Interviews » FileFront (10/25/2004)
Note: This interview originally appeared on FileFront.

Game designers sometimes start out in a variety of positions before they finally find themselves a place in the industry.

Jeff Fiske helped people fly the friendly skies.

“When I decided to get out of the aviation industry, I applied for a Q&A position at Impressions Software in 1994,” Fiske said. “The rest is history.”

Fiske is currently the Design Director for Immortal Cities: Children of the Nile. He says that when working in a small software company, his position often means “taking a step back and plugging into whatever is needed.”

The 38 year-old former Delta Airline employee worked in customer service and management for the airline, which had a lot to do with getting into the video game industry, oddly enough.

“It is quite possible that fifty percent of the reason I was hired was for my customer service background,” Fiske said. “[At Delta] we actually used to answer the phone there and, dare I say it, speak directly to the customer!”

He took his time getting the degree in Aviation Management, apparently not quite the scholar in his undergraduate days. “I was on the six year plan… or was it seven?” he said.

Fiske went to a few schools before graduating from Daniel Webster College in Nashua, New Hampshire.

“I did fine, though I wish I had paid a little more attention in a couple of topics, particularly now that I have kids of my own,” he said.

For Impressions Software, he has worked for the company in a number of capacities, from game tester to producer. He says he loves the creation of a gaming experience and “bringing something innovative, fun and successful to the marketplace.”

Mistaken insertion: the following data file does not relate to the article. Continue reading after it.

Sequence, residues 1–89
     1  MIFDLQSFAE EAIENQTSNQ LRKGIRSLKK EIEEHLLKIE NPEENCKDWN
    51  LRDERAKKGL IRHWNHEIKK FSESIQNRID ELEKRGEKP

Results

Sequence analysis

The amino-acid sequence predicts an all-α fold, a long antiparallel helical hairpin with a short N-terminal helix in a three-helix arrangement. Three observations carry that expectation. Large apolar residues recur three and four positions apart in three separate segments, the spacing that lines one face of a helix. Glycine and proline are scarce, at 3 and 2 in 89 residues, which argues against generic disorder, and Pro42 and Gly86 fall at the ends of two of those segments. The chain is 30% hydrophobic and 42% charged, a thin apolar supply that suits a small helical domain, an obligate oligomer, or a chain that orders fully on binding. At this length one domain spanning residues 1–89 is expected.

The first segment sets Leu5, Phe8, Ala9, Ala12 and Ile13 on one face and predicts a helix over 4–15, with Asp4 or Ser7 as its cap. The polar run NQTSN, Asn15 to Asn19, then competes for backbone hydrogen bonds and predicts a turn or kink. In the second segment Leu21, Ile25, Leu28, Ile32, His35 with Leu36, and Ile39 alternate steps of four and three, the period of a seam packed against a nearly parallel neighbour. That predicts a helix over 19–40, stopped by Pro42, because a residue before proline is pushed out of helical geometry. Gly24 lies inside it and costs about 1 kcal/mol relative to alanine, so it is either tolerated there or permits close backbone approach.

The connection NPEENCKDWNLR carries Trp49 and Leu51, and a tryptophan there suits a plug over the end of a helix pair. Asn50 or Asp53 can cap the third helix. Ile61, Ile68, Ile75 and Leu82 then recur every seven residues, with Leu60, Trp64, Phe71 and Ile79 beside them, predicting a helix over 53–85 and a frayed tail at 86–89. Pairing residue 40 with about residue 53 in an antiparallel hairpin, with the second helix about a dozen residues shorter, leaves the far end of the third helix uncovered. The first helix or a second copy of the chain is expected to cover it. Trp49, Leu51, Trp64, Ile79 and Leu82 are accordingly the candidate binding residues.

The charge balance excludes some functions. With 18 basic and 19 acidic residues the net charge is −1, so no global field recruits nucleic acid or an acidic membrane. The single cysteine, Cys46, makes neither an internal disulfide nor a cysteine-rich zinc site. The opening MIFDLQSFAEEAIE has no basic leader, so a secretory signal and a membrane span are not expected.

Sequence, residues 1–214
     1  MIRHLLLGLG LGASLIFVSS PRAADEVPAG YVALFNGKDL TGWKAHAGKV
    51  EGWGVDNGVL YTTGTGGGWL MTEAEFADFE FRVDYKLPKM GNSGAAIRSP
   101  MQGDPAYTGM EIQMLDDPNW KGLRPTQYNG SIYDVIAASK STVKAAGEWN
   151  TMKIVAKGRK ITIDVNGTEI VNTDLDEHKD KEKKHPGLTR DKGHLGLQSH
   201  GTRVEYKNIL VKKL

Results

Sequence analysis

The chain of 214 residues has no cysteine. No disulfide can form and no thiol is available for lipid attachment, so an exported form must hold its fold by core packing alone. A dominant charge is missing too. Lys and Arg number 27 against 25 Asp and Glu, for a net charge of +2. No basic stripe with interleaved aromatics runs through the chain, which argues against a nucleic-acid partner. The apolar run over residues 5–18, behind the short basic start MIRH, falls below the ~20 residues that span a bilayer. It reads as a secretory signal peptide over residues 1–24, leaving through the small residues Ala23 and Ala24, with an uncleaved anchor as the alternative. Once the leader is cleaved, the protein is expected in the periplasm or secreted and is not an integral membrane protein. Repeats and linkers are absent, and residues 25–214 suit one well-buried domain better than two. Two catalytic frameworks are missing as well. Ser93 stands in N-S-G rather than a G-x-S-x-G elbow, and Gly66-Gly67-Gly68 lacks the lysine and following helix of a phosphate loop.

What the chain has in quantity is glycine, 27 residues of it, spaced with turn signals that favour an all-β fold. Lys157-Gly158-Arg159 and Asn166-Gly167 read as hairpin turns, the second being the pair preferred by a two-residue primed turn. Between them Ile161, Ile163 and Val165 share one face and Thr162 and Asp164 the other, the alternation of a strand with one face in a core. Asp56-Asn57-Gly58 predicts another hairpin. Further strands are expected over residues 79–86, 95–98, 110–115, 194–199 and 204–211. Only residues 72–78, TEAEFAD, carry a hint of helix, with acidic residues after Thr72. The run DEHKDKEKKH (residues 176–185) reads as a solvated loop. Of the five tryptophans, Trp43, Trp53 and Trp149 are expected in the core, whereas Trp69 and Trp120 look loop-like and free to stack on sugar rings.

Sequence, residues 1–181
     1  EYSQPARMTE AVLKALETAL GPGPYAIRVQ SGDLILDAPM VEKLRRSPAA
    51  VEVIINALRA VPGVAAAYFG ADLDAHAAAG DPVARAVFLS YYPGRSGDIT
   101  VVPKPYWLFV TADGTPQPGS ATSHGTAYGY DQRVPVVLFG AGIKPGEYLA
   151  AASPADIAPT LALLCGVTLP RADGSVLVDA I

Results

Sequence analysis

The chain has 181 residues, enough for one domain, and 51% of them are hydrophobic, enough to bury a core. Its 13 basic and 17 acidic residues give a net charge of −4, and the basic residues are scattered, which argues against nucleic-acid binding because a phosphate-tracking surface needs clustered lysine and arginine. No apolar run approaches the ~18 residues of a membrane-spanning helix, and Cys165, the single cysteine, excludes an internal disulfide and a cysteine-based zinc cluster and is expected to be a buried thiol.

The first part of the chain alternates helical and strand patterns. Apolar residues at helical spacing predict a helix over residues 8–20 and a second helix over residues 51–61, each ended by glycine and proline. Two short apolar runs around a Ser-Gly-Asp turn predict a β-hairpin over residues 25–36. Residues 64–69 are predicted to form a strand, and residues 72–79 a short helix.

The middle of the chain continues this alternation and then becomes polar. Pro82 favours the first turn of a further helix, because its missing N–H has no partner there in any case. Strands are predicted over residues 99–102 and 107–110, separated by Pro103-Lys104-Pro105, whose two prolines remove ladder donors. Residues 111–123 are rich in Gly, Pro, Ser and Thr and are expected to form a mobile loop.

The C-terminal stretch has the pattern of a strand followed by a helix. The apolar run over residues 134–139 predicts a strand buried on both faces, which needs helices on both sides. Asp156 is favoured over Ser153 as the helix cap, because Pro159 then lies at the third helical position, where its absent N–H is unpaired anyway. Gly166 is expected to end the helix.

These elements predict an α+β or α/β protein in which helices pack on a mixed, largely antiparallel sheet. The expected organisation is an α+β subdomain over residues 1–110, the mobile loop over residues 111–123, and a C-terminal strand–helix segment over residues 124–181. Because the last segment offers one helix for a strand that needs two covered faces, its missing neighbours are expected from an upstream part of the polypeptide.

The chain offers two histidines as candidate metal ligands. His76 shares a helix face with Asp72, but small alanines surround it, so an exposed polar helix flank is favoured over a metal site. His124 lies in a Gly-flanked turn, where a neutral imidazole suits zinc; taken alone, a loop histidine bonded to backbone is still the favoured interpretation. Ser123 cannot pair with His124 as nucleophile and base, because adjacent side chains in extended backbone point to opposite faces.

“Releasing a game that is embraced by the community is extremely satisfying,” Fiske said. “I would not put myself through this pain and suffering if fans out there did not enjoy the end product.”

Pain and suffering is something that he has a lot of experience with, especially now that Children of the Nile is nearing completion. “We have worked very hard for almost three years to get to this point… [sometimes] it is the least enjoyable part of my job,” Fiske said.

This game, though, nearly fits his ideal game design experience.

“I still love PC gaming—I still love creating immerse environments that enable a private journey for the player,” he said. “I think CotN is that kind of game.”

Defining his “dream game,” though, is a bit tougher because “you always hit some limit in technology,” he said. “I can always look to the future to give us more opportunities.”

His outlook on the industry is, perhaps, slightly optimistic with hints of cynicism. In terms of producing quality games, it’s hit and miss with more miss. “I would like to see some big budget games get back to gaming goodness, simple game mechanics,” he said.

The big budget behind big titles are not exactly producing big results. Identical results, maybe.

“There are text based games that are far better game models than a lot of the current games that cost $20 million to make,” Fiske said. “Everything gets massaged so much by publishers, the games wind up morphing into clones.”

Publishers are often the targets of criticism when trying to define the problems with innovation in the video game industry. While they are an easy scapegoat, he said, it may not be that simple.

“Why does everyone do the same types of games? Publishers believe that is where the money is, and who is to say they are wrong?” he said. “Also, it is a lot easier to explain to stockholders, or your boss that you thought your Half-Life clone was going to be a killer sales success rather than justifying why “Cabbage Patch Ninjas in Space” sold less than 50,000 [copies].”

He said that the industry is still “really immature,” and its short life span is conducive to industry heads that are actually inexperienced. “How many executives, marketing managers, or sales reps never play PC games?” he said.

But he noted that it is improving, and that hopefully in ten years there will be advances in all areas of the industry, including better ways of streamlining the launch of games. Valve Software’s “Steam” delivery system, where gamers are able to download the game onto their computers and play them instantly the day of release without needing to shop at the store for them, is an example of such improvement.

“I would love to see someone figure out how to make something like [the] Steam of the Phantom’s game delivery method work,” he said. “Put the games out in the marketplace and let the consumer drive the market.”

Fiske hopes to be able to continue as much as he can toward the industry’s advance. When asked where he saw himself in the future, he said, “Right here, hopefully for a good long run.”